The main insights we may get from these inquiries is how thoughts combine with sensations, so sensations lend a sense of solidity, reality, and truth to the thoughts, and the thoughts lend a sense of meaning to the sensations. This is how thoughts get a charge, and how beliefs, identifications, reactivity, compulsions, and more are created.

Heart-centered. Heart-centered practices help us change our relationship to ourselves, others, the world, life, situations, and parts of ourselves. They help us shift from seeing (some of) them as a problem, mistake, or something that needs to go away, to genuinely befriending them. As with the explorations above, this tends to bring in a greater sense of well-being, ease, and grounding. And as my old Zen teacher used to say, we tend to become less of a nuisance to others….!

Some of my favorites here are tonglen (from Tibetan Buddhism), ho’oponopono (Hawaii), and all-inclusive gratitude practices. (See other articles for more on these.)

Continuous prayer. I’ll add this since it’s found in many traditions and can be a powerful and transformative practice. Say a brief prayer along with the in- and out-breath and the heart beats. Do it as often as you remember, and set aside time to do this exclusively. Over time, this will become a continuous prayer. You will even have a sense of it happening while you sleep.

The Christian version is the Jesus prayer or heart prayer: Lord Jesus Christ (on in-breath), have mercy on me (on outbreath). And synchronize the words with the heart beat (for instance, one heart beat for the three first words, then another, then one on “have mercy”, another for “on”, and then one on “me”).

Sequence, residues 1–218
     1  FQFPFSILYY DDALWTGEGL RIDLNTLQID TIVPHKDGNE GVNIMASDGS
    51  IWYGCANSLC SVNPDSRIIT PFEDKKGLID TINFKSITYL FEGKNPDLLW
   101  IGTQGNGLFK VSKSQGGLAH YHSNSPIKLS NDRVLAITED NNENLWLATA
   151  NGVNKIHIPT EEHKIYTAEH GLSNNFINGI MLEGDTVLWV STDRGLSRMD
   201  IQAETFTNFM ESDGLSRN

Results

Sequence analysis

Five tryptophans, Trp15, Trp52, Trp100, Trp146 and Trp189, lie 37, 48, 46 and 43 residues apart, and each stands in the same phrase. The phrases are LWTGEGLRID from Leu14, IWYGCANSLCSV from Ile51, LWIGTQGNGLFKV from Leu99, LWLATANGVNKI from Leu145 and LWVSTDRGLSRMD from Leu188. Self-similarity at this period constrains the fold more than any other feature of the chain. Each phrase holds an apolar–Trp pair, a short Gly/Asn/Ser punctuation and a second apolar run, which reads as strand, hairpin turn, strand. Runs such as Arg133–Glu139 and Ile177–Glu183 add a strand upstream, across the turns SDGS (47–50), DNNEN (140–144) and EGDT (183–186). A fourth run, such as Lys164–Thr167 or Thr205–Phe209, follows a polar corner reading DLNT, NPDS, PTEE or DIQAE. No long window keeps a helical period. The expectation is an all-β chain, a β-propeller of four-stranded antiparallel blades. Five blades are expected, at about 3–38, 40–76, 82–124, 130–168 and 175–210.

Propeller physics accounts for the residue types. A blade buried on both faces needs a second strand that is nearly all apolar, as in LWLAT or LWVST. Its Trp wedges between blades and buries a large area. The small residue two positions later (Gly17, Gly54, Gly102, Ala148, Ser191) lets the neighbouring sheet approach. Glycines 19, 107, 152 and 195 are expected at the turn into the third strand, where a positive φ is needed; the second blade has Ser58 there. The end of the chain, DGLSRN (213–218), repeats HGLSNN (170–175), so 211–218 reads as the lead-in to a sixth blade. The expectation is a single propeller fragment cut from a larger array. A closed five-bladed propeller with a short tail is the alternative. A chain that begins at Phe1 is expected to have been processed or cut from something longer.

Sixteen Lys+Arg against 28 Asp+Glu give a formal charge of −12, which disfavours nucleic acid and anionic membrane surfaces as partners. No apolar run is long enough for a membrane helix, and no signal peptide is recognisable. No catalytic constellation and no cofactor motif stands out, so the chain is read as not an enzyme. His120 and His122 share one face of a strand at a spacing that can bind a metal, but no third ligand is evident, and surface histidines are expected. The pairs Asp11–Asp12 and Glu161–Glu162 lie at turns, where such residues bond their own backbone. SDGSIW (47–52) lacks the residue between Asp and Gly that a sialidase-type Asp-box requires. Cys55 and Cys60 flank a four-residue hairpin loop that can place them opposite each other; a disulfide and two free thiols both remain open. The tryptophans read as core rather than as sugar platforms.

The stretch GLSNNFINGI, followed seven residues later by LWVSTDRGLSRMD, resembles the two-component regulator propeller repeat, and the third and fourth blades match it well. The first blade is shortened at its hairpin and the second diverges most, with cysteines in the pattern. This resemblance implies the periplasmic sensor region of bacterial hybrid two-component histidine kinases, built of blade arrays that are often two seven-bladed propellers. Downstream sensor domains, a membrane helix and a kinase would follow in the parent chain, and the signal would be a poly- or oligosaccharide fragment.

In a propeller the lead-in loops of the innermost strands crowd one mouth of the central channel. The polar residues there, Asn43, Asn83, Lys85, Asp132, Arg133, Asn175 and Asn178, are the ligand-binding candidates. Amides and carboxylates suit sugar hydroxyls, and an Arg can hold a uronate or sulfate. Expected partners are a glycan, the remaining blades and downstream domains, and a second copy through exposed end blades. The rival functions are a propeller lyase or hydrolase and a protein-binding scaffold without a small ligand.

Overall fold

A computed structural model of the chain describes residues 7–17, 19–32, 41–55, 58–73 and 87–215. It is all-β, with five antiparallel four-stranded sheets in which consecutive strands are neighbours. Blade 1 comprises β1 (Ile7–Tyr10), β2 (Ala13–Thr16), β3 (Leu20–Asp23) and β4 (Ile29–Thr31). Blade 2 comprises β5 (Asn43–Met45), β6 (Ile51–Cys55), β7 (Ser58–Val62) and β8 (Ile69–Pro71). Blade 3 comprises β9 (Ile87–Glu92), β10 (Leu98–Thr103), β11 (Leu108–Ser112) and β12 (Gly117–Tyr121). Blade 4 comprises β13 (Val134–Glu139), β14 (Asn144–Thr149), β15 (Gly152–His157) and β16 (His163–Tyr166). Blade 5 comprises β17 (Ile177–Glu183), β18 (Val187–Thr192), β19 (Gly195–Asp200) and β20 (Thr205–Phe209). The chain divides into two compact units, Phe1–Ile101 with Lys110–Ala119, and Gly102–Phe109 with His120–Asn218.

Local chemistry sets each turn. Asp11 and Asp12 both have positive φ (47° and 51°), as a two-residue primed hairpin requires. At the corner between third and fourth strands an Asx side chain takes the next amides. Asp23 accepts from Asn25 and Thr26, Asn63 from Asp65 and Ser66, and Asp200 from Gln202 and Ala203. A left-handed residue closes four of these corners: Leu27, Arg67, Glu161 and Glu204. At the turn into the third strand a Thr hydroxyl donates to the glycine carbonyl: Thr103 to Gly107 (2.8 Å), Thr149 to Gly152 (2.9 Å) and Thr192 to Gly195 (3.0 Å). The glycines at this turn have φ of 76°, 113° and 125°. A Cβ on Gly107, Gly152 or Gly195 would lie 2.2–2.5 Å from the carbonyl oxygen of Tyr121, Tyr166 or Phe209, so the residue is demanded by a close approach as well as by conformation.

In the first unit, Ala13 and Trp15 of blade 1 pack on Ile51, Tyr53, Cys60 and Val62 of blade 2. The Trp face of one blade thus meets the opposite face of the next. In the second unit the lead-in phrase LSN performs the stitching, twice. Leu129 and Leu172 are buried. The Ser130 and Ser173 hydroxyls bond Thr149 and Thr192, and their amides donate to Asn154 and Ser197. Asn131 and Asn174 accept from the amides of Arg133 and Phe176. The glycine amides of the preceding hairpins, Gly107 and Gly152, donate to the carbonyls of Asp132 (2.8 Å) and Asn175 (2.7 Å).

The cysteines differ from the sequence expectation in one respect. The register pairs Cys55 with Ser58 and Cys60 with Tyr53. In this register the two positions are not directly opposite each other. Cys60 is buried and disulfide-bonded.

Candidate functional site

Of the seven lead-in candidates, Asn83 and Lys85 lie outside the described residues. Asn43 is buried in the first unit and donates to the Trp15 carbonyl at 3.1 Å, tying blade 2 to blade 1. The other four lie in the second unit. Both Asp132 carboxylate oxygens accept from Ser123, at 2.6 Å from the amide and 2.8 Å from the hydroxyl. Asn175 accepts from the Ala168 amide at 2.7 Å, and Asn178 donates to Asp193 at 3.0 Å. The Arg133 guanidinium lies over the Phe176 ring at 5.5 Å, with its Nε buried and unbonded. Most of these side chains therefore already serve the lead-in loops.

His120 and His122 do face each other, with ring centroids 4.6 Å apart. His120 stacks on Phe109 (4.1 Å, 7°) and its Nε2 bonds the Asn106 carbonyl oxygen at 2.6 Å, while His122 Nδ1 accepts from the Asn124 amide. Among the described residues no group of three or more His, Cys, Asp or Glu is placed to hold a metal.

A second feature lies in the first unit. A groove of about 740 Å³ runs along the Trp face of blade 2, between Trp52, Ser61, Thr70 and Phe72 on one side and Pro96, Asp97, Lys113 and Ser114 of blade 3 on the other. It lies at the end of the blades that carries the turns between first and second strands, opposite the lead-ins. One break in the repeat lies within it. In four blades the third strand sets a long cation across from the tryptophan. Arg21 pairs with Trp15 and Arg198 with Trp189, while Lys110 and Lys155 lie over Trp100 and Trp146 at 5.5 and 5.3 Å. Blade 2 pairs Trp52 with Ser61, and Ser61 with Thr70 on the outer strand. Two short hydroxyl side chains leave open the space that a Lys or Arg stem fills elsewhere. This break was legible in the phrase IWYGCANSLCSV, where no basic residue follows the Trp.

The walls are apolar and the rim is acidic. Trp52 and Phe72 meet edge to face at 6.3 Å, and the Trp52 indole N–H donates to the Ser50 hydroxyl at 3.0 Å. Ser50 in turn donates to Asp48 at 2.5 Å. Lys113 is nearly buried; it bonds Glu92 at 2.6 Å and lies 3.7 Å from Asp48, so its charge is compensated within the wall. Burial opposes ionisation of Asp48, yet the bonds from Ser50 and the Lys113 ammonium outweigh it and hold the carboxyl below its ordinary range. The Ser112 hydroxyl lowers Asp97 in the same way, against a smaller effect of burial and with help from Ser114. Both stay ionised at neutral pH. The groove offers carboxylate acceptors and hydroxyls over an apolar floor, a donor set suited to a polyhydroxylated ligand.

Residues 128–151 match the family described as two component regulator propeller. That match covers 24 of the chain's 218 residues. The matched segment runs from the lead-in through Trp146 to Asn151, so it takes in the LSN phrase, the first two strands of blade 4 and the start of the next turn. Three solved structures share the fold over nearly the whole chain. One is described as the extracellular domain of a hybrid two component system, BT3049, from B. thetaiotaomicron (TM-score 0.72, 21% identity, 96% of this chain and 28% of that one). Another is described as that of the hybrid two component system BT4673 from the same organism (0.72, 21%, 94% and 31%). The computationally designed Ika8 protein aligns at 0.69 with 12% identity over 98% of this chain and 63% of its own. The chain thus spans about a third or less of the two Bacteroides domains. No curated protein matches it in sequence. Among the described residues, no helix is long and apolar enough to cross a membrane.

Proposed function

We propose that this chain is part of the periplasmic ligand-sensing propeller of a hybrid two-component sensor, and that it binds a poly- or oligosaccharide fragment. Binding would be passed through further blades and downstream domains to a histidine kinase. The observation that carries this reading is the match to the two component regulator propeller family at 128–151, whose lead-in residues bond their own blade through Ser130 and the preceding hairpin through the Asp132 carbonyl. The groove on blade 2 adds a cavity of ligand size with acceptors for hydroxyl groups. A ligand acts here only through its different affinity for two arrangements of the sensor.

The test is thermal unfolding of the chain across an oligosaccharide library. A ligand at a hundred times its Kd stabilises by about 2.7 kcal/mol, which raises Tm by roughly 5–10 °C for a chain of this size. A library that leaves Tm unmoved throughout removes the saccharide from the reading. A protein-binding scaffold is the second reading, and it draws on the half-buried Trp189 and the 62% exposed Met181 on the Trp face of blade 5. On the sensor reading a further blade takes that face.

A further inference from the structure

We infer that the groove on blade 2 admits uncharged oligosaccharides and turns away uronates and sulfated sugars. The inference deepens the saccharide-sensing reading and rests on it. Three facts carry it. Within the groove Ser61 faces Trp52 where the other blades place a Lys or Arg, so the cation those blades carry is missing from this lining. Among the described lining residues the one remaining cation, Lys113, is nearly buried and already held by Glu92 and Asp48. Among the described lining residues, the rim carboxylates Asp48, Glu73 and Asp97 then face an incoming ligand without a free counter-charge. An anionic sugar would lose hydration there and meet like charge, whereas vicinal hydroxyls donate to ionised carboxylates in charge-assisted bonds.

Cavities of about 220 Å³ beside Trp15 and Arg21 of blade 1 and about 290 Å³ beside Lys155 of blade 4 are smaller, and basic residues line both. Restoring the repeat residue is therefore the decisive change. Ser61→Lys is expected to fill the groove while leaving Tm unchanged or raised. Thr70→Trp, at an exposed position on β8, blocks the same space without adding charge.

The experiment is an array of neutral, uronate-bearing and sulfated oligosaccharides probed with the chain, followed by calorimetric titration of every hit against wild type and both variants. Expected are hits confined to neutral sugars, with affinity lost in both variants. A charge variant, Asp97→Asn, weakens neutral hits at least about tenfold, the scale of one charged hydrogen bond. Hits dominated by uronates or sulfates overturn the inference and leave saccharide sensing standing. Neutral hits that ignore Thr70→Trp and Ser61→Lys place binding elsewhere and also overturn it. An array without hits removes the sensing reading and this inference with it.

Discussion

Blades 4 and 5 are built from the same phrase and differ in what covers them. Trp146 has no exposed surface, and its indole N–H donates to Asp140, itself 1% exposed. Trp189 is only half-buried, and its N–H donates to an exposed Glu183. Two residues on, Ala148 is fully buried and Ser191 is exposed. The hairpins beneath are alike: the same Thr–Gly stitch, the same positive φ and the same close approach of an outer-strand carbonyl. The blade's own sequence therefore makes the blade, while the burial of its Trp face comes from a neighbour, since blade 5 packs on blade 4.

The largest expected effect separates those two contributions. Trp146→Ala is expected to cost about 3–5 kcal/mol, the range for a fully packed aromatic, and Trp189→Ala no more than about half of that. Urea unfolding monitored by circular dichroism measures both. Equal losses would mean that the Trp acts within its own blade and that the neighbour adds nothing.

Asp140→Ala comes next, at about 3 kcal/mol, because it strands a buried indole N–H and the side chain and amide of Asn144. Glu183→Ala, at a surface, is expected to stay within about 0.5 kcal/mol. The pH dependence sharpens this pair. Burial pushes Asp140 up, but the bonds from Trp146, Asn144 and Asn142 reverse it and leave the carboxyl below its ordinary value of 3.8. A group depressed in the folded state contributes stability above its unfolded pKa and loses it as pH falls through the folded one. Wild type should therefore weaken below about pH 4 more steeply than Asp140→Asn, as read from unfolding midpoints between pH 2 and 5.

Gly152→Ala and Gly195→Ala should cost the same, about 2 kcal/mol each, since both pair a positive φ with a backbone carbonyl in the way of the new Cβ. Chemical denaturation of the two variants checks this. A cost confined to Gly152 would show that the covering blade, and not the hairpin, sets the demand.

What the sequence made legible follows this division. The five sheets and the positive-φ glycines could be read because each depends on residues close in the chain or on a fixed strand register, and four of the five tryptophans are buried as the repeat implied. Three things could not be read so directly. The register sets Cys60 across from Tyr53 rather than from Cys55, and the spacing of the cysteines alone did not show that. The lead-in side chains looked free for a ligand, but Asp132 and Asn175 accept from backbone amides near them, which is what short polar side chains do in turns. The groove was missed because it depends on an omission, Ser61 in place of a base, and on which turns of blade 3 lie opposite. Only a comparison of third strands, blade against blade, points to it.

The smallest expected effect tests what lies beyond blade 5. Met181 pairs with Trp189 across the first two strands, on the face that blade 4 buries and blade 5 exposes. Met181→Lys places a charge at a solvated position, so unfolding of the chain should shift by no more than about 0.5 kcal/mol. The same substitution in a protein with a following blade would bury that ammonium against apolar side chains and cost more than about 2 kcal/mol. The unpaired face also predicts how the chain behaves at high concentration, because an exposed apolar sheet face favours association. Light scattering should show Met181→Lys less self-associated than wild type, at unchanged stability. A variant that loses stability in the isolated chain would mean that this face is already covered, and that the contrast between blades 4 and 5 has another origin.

Body-centered. These are the familiar ones, including yoga, chi gong, tai chi, Breema, and many others. Ordinary forms of physical activity can also be included here, if we bring our noticing and allowing to the sensations and movements of the body.

I won’t say too much about these since they are reasonably well known in our society today. We bring our noticing to the sensations and movements of the body, and what’s described above under training attention and noticing applies here too. And these explorations too tend to bring in a deeper sense of well-being and grounding, and we may also experience ourselves – at a human level – more as a whole.

These are all practical approaches to exploring ourselves and our relationship with ourselves and the world. They tend to bring in a sense of well being, ease, and grounding, perhaps first as we engage in these and then more stably in our life in general. They tend to invite in healing and a noticing of what we really are.

An important aspect of any spiritual practice is what it may bring up in us that needs meeting, clarity, or healing.

At times, these practices may rub up against our beliefs, identifications, and habits. So we notice these, and can take them to inquiry, heart practices, or whatever healing work we are doing. This is an important aspect of any spiritual practice, at least if we wish to be thorough.

Healing work in general is an important complement to any of these practices. We will, inevitably, encounter parts of us that needs healing, so it’s helpful we are are familiar with effective forms of healing work, or can go to someone who are.

These practices may also bring up old wounds and trauma. Any good guide or coach will inform about this in advance, keep an eye on our practice to minimize the chances of it happening in a traumatic way, and offer guidance through it should it happen.